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Monday, May 2, 2016

Title insurance: Not just another ‘fee'

Sunday, November 4, 2007

Title insurance is little understood by most consumers. In fact, a recent survey by the American Land Title Association revealed that most homebuyers think of title insurance as "just another fee" they have to pay to buy a home. They don't really know what it does, or how it protects them.

A major reason for this is that buying a home has become a rather complex process. There are so many details to take care of that most people rely on the person handling the sale to take care of them-typically their real estate agent. They trust their agent to know the process and do what is required, including ordering services like the appraisal, home inspection and title work. Since the buyer isn't directly involved, they may not be knowledgeable about what many of these services entail.


An Owner's Policy of title insurance assures the home you are buying is free of issues that could cloud the title. Prior to issuing the insurance policy and before you close, title professionals conduct an exhaustive search to check for liens, encumbrances, easements and other problems that could affect the status of your title. If a problem is discovered, title professionals typically take care of it, or notify you so that you can make an informed decision.

If a title defect covered under the policy isn't discovered until after you close, the insurance kicks in to cover your losses.

What are some typical problems that might cloud a title? There may be a lien on the property for unpaid property taxes by the previous owner, or a mechanic's lien by a subcontractor who performed work on the property and was never paid. Other examples include a prior unpaid mortgage or covenants and restrictions on the use of the property.

Sometimes there are problems that go undetected during the title search, such as fraud or forgery, a mistake in the public record or an unknown heir claiming ownership. If this occurs, you would file a claim with your title insurance company.

The truth is, claims are rare in the title insurance business because of the due diligence that is performed before the policy is issued. Most of the premium dollar goes to pay for the upfront costs of performing the title search and clearing up the title issues before you close.



Now that we've covered what traditional owner's title insurance covers, let's discuss what an expanded policy covers and why you may want to purchase this coverage.

An expanded title insurance policy covers many title defects not covered under a traditional policy, including issues that did not exist at the time you purchased your property. Expanded coverage typically covers things like access to the property, zoning violations, post-policy easement issues, encroachment removal and building permit violations.

An example would be if someone used a portion of your land as an easement to their property, and you wanted to build something that would block their access. They file a claim asserting their rights based on their continued use over time. A judge then orders a cease and desist order on construction until the matter can be heard in court, which could take months or years. Because this occurred long after you purchased title insurance, a traditional Owner's Policy wouldn't cover it. But with an expanded policy, the title insurance company would negotiate with the parties involved to reach a settlement or pay your legal expenses to defend your claim in court. If you were to lose your case, the title insurance company would compensate you for your losses.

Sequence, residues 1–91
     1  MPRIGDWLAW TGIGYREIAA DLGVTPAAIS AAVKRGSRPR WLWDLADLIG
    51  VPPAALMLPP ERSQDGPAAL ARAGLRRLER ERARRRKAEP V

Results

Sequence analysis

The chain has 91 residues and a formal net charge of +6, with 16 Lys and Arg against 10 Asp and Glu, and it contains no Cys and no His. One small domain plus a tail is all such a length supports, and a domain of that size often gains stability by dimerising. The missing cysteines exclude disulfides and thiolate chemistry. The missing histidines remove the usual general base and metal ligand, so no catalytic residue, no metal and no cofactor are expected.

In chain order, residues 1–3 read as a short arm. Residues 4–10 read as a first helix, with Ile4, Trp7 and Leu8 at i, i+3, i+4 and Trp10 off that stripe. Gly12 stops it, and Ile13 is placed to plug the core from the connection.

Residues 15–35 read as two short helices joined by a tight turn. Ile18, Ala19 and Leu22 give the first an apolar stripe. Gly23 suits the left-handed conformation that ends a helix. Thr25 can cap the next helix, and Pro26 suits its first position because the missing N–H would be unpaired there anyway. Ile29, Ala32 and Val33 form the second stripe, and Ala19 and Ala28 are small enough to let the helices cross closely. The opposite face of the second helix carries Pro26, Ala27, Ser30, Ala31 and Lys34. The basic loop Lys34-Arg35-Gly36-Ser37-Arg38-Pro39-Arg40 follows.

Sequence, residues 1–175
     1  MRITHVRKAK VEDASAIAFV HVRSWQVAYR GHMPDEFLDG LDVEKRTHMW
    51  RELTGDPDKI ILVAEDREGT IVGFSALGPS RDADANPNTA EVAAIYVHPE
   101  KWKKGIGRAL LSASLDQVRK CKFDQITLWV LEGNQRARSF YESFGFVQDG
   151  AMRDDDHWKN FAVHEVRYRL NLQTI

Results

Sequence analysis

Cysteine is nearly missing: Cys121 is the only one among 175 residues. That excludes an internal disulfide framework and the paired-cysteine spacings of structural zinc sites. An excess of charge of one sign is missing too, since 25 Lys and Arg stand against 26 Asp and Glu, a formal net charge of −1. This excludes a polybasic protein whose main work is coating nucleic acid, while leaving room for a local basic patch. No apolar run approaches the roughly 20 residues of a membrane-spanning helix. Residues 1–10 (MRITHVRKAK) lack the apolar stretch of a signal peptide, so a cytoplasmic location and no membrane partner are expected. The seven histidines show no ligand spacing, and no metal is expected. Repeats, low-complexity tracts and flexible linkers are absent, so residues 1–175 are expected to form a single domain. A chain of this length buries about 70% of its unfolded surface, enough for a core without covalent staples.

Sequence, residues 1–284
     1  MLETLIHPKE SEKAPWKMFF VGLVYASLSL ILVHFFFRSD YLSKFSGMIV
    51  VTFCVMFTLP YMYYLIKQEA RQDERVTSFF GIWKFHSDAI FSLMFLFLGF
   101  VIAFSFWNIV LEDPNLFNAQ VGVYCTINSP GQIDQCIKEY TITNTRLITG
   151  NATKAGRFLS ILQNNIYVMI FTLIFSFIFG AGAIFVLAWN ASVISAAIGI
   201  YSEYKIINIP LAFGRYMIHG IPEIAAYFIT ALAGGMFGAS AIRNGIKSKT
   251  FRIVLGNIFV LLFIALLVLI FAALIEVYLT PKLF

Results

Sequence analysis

Another benefit of expanded coverage is that it insures you even after you no longer hold title to your property. This means if you are sued for certain issues after you relinquish the title through a sale, the expanded coverage policy continues to protect you. Many underwriters increase the coverage amount each year as a hedge against inflation.



In one state, a homeowner took an extended trip overseas. Upon her return, she discovered that new neighbors had moved in next door and were building a fence that was headed for the middle of her driveway. A survey was done, which revealed that building a fence on the neighbor's property line would block access to her garage and the rear portion of her property. Fortunately, the homeowner had purchased an expanded coverage policy.

The title company immediately hired an attorney to represent the homeowner. After having the fence removed, the attorney filed for a variance with the county to get a county-established set-back line redrawn and obtained an easement for the homeowner to use her driveway.

Another example was when a homeowner discovered that the previous owner had not obtained the proper permits for some home improvement work. Because the new homeowner had purchased an expanded coverage policy, the title insurance company paid $18,000 to bring the work up to local building code standards.


Title insurance is not "just another fee"-it provides real protection should something happen to threaten the title to your home. Talk to your title representative to find out what is and isn't covered in your title insurance policy, and whether an expanded policy is right for you.

Expanded coverage is only available in 41 states, so check to see if it's offered where you live.

For peace of mind, make sure you fully understand your coverage before you close.

Jackie Mitchell is the manager of Aames Title and Closings, LLC. She has been involved in the banking and title industry for 15 years. She is a graduate of the Indiana Mortgage Bankers School and taught real estate regulations throughout Indiana. For more information on the title insurance industry, visit the American Land Title Association website at www.alta.org.